(Very)FatSu in Italy

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I've always inwardly rolled my eyes when friends tell me they're going on a crash diet, trying to skinny down for an event in a week or so. How can the human body in all its majestic complexity adjust to your whims in such a short time? Surely all the processes that go on in there to keep us functioning are far too evolved and essential to be diverted to melting the flab off our upper arms just in time for the wedding photos. Yes, exercise and diet could make a difference over a period of months - even The Biggest Loser contestants have that long to shed the pounds. But really, how fast can your weight change?

It turns out that it takes fifteen days. In Italy. For gaining it, anyway. I'm quite amazed, given my former ignorant sneering, that it is entirely possible to go up a couple of sizes in a fortnight. My holiday in Italy with Maurizio's family can be viewed as a tasty version of the Super Size Me experiment. Following a well-planned and strictly adhered-to regime of eating loads of really good food all day long, it takes fifteen days to put on the weight. It only took eleven days to become a broken, tubby mess, and actually say: thanks, I won't have seconds.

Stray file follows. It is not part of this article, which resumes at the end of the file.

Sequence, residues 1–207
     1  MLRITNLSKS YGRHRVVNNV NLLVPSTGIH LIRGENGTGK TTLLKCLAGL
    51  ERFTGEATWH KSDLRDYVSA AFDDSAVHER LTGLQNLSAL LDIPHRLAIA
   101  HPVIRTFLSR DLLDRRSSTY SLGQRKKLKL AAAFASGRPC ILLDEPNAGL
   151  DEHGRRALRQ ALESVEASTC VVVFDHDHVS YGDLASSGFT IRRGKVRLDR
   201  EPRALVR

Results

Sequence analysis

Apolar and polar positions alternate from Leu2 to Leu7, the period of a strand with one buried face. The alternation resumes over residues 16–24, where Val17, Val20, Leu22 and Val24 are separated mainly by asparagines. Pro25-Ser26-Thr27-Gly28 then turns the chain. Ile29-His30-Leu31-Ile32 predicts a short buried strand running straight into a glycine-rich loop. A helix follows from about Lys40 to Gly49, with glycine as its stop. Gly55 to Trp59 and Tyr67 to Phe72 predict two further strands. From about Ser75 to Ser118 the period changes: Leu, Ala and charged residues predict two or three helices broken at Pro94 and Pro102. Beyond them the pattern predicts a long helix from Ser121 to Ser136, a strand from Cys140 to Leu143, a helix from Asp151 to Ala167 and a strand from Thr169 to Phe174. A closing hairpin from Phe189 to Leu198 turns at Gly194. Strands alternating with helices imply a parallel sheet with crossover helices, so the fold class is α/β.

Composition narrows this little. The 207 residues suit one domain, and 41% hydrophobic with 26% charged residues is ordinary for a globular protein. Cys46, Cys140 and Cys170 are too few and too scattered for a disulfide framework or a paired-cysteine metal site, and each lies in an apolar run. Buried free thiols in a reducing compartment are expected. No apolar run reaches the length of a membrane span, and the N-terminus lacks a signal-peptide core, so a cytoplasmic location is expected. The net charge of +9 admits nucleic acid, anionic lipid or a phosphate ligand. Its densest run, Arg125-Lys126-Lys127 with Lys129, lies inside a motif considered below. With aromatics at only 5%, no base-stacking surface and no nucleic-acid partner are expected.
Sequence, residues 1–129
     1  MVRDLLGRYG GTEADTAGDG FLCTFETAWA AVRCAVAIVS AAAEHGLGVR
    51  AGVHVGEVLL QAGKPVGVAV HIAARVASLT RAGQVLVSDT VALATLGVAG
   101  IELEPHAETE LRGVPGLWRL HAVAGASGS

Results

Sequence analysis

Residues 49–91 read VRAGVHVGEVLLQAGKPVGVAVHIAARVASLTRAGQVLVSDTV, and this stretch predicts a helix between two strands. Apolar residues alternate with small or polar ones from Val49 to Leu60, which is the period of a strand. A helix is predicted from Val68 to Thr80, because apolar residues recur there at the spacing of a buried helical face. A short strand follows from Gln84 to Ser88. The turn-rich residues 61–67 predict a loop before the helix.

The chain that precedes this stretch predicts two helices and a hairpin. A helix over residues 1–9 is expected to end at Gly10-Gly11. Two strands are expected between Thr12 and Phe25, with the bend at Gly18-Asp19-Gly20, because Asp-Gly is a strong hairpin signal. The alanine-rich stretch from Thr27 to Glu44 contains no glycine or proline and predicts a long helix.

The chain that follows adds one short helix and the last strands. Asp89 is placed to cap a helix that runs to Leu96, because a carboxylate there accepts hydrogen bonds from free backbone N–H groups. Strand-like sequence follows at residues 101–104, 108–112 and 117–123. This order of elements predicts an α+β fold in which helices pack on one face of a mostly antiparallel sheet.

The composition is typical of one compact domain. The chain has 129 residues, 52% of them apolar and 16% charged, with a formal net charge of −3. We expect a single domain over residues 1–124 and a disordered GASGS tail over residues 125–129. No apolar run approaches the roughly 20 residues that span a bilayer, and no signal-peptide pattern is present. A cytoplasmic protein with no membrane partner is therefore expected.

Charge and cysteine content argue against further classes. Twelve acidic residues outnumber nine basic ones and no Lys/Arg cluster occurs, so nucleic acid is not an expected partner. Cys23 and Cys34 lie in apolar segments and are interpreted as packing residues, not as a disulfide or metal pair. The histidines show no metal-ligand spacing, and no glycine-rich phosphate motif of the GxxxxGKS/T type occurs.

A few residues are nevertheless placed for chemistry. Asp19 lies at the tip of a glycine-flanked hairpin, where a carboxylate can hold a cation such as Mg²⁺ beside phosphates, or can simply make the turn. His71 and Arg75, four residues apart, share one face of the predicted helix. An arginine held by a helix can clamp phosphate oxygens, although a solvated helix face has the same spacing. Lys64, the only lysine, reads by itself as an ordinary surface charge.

The thing is, over-eating in Italy doesn't feel like too much. The food is all good and fresh and tasty: bread is made by bakers, meat comes from the butcher, vegetables are grown on the farm, herbs are picked from the balcony. The food is the main topic of conversation, always - my morning coffee was taken out on the balcony to be drunk during the discussion of What To Have For Lunch, and at each proper meal, the benefits and failings of rival suppliers and cooking methods are picked over with the antipasti. The food is prepared with love. It would be foolish not to eat lots of it, all the time. And then there does tend to be lots of it. Look at these pictures. So much amazing food, all gone now. Although luckily I only need to prod any protuberance on my body to remember it.

"May I have something to nibble on with my beer please?"

Porquetta at the corner shop. You CAN order it by the slice, apparently, but it would be rude to do so. Rude and ungrateful.
Pasta from pans this big. What to do?

A tree of prosciutto, a decorated officer, and a nurse from the past.

Ordered a prosecco mid-morning? You get a bowl of parmesan with it.









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2 comments:

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  2. Italy! Yes! Try the Frascati if you get a chance, darling!

    Jet Driver

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